By Adela Penagos, PhD
Each academic year, I get several requests from current and former students to recommend them for study abroad and graduate or professional programs, fellowships, internships, and other opportunities. Whenever the student is a strong candidate for his or her pursuit, I agree to strongly support him or her and it is a pleasure to write a letter on his or her behalf. However, if my letter is not going to set the student apart, I decline the request. I would like to offer you some tips on how to ensure that your recommendation request will translate into a glowing endorsement:
1) Invest in the Relationship Prior to Making the Request.
My strongest letters are for students I know well both academically and personally. My overall knowledge of the person allows me to give specific examples of the student’s strengths and to use concrete evidence to position the student well within the context of the position or program he or she is pursuing. Would you like to get to this point with your faculty or instructor? Visit him or her during office hours, ask him or her to have coffee or share a meal. In essence, make the time to get to know him or her and vice versa.
2) Make your Request in a Timely Fashion.
In the middle of February, I received a link of a student request for a letter of recommendation. The only challenge was that the student in question had not asked me to be his reference. Furthermore, the letter needed to be submitted within two days. I was running, as I usually do, on a very tight schedule. As a result, I declined the request. It is unwise to assume the recommender will agree to your request without asking first and giving him or her notice of the due date. It takes time to write a strong recommendation. Please provide your recommender with, at least, three weeks notice.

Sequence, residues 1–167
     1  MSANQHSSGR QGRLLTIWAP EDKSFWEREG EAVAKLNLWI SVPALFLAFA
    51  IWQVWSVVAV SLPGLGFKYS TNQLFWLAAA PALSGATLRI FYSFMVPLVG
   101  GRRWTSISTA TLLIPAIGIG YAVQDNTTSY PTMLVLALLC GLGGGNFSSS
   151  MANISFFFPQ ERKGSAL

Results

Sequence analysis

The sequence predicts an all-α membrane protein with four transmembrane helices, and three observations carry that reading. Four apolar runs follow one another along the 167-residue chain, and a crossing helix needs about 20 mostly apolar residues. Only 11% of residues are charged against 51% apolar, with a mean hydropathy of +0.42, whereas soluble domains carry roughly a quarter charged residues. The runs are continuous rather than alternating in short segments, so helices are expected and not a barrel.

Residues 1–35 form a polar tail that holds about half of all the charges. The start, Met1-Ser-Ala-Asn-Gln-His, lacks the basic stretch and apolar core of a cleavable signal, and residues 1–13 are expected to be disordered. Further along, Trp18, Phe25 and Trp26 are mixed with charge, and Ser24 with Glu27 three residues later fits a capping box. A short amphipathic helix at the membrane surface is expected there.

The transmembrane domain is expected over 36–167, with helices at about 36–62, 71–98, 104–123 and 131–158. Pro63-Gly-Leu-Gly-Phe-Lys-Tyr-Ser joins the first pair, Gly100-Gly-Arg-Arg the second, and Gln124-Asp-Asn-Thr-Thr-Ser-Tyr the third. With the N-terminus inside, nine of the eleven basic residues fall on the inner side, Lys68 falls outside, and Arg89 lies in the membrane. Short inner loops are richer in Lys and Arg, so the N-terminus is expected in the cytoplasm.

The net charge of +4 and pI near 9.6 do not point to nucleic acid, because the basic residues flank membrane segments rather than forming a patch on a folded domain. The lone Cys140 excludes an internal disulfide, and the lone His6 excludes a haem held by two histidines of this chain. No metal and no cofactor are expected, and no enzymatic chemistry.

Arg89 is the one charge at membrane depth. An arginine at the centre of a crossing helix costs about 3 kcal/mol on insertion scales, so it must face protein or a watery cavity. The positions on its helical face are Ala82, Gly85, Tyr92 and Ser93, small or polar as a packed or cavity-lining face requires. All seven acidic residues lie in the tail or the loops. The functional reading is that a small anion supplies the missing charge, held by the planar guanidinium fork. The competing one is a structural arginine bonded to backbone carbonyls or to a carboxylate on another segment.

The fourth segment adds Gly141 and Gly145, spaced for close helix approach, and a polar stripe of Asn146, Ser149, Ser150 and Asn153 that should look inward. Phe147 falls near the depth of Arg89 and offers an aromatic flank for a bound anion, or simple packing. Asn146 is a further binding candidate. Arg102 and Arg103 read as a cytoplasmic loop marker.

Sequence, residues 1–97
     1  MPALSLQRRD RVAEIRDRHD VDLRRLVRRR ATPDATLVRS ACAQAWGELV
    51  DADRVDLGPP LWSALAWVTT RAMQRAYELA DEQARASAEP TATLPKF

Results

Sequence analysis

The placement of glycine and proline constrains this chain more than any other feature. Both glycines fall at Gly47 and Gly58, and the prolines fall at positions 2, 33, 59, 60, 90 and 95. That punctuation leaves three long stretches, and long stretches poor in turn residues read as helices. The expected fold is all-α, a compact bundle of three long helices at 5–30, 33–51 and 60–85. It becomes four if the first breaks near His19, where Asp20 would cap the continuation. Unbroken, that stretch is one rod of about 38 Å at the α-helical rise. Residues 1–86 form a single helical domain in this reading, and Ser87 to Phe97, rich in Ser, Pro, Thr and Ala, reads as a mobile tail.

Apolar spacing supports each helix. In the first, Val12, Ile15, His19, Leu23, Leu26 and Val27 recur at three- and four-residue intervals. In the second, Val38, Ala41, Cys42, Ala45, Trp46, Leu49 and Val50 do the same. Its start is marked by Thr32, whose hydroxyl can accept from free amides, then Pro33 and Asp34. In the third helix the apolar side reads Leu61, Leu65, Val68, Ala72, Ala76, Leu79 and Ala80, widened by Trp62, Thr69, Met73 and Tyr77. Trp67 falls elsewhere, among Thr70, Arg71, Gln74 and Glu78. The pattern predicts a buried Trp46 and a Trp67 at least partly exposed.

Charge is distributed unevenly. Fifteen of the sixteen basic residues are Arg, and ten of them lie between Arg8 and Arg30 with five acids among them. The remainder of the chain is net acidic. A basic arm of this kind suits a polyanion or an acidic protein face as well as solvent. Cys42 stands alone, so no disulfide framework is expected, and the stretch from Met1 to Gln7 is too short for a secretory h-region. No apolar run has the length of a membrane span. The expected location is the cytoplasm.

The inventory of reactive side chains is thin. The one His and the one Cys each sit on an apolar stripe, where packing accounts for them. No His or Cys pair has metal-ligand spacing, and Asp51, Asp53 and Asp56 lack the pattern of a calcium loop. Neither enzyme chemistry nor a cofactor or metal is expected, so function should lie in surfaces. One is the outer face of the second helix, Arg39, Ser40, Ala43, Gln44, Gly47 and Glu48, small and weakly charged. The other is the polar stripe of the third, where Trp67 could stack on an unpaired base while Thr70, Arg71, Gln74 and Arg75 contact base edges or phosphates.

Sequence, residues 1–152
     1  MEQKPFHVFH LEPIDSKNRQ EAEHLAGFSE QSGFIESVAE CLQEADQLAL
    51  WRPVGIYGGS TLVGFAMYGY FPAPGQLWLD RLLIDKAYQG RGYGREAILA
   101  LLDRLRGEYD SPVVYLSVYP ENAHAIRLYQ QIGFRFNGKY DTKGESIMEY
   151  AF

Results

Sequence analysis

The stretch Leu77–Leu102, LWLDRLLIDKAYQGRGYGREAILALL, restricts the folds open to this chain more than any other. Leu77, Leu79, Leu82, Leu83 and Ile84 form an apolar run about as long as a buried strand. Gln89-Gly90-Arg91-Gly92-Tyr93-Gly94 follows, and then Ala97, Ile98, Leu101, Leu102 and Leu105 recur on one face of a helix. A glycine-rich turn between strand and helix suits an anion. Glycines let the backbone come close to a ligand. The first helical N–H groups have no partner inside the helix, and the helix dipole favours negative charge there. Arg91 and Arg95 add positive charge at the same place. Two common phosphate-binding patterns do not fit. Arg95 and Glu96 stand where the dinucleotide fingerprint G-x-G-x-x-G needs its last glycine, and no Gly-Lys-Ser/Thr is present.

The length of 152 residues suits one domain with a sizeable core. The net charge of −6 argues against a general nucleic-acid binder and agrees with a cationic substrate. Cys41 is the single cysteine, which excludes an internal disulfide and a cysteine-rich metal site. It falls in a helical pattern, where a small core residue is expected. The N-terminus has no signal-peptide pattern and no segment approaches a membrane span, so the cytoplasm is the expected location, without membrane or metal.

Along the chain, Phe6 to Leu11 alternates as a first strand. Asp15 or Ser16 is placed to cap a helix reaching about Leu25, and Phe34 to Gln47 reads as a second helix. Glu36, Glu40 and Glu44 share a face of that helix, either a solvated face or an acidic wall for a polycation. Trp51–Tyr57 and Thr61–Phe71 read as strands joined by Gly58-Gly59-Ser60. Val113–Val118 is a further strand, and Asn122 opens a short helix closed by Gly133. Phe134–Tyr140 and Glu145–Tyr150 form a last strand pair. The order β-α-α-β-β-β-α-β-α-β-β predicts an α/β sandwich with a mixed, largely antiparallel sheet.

3) Provide Your Recommender with Background Information.
It is essential to provide your recommender with background information on the program or position you are applying for and an updated resume or CV. This will enable the recommender to make a strongest case on your behalf and show that you are the ideal candidate for the program or position you seek.
4) Be grateful.
It is important to acknowledge that recommenders are going out of their way to endorse your candidacy. Thus, a short email message expressing gratitude or a nice thank you note after they have recommended you will go a long way –you never know when you might need their help again. Do not forget to update them on the outcome of your application. Recommenders are delighted to hear when you successfully achieve your goals.
I have always considered it an honor to write letters of recommendation or serve as a reference for multiple candidates applying to diverse positions. When I say yes, my letters make a difference, as I take this process very seriously. Good luck getting recommendations that will set you apart.